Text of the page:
Saturday, 13 April 2013

Spoilt Princess (and a bit of a process post)

Well, this one was a bit of a slog. Hot off the heels of last week's 70s bedroom, I wanted to play with light some more. However, this style is beginning to show signs of over-use and it's becoming a little automatic (which is great for when I have client work. Creatively on the other hand, it's time to mix it up a little).


Anyway I thought I'd show some of the process here. I plan on doing a complete 'my process' post in the near future for my site. This is not that (because my screenshots aren't in-depth enough). It is however, a more constructive view of my illustration than what you're used to seeing on here.

1) I sketch it out. I'm terrible at keeping a sketch book so no practice makes me far less than perfect. This stage tends to be repeated up to 10 times until the final drawing is produced.




2) I do a quick colour test.



3) I then add the final lick of paint over the whole thing (this is the bit that will be covered better in my full process post). Basically, I start with block colours, then add shade and highlights, finally I use some gradients to deepen particular areas (seen in the next step). Throughout this process I had some placeholder lighting to help with composition (taken straight from the earlier colour test).



4) I add the proper lighting. I've always been obsessed with lighting, here's a direct quote: "Bad lighting can ruin a good drawing, and in my case, vice versa." - Kristian Duffy, 1608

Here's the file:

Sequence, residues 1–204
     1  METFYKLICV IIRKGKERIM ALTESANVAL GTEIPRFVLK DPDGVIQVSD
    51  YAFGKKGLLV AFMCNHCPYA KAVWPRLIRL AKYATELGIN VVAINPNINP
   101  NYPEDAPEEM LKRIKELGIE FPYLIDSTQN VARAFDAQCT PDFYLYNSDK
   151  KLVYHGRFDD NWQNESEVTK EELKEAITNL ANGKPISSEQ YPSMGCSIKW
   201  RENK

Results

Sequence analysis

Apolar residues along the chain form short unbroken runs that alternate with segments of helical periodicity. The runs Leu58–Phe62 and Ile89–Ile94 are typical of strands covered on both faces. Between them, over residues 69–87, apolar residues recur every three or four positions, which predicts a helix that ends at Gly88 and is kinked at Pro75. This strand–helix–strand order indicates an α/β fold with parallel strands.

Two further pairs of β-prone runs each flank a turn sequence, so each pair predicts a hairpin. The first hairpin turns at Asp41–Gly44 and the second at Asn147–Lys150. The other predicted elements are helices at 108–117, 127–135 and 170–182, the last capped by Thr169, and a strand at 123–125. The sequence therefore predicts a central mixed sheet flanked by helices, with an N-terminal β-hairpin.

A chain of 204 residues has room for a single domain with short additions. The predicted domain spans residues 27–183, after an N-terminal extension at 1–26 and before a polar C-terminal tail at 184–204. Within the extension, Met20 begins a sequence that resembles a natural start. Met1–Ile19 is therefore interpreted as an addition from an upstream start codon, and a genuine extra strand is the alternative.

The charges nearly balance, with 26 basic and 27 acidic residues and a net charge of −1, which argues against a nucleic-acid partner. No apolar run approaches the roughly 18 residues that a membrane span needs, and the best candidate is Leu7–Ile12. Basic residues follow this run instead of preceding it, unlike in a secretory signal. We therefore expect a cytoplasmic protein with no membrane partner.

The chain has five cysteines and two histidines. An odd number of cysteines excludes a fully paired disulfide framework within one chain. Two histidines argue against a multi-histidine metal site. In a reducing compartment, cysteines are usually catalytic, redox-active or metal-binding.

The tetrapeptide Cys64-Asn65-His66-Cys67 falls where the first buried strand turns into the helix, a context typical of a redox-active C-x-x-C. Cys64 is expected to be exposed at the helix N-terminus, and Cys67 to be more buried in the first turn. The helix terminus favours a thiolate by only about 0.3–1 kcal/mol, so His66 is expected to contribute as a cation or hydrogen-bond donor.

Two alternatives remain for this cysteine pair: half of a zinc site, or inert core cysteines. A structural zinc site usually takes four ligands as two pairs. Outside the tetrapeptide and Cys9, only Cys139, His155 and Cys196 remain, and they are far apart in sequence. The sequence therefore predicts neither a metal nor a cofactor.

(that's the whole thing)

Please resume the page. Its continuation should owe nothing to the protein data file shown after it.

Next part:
(This screenshot was taken in reverse so it's not an exact pinpoint in the process. It is however, an estimate of the illustration pre-adjustment layers.)

5) I overlay the whole thing with various Photoshop adjustment layers. These things can completely change the mood of an image and I rely (sometimes a bit too heavily) on them to tweak the mood of my illustrations. Up until about 3 years ago, I would never do this for fear of 'cheating'. Then of course, I realised it's called making use of your tools- do photographers cheat when they change the exposure on their cameras?


I'll also go further into these in my full process post, they're magical life savers!

6) Finally I uploaded this particular piece to twitter (@UndercoverCroc) asking for critique. A couple of fine folk gave me some handy tips so I went back and made tweaks to: The lighting, adjustment layers and colours. *Edit* a few days on I decided the cropping was a bit off so I extended the image a touch (see the first bigger pic at the top of this post)



That's it, I hope you all enjoyed my slightly more analytical post. I'm trying mum, I'm trying! More to come in the future so watch this space.

3 comments:

  1. I really enjoy your compositions. I like the vantage point of this particular illustration. I'm also envious of your digital skills. I'm completely clueless when it comes to photoshop and the like. Great job - I look forward to seeing more :)
    Sean

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    Replies
    1. Thanks for the kind words Sean. I've had some great feedback on this process post (a lot of it from yourself!) so it's to become the norm from now on.

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    2. I really love this - the face she's giving me says "SHAN'T". It's interesting to see how much the mood changes when you tweak the adjustment layers - I think the dark pink ended up working really well.
      I too have a love affair with light - I try and include a direct source in a dramatic fashion whenever I can. I'm not sure how well I pull it off but it adds a lot of interest to my art even if it's just me it keeps interested!

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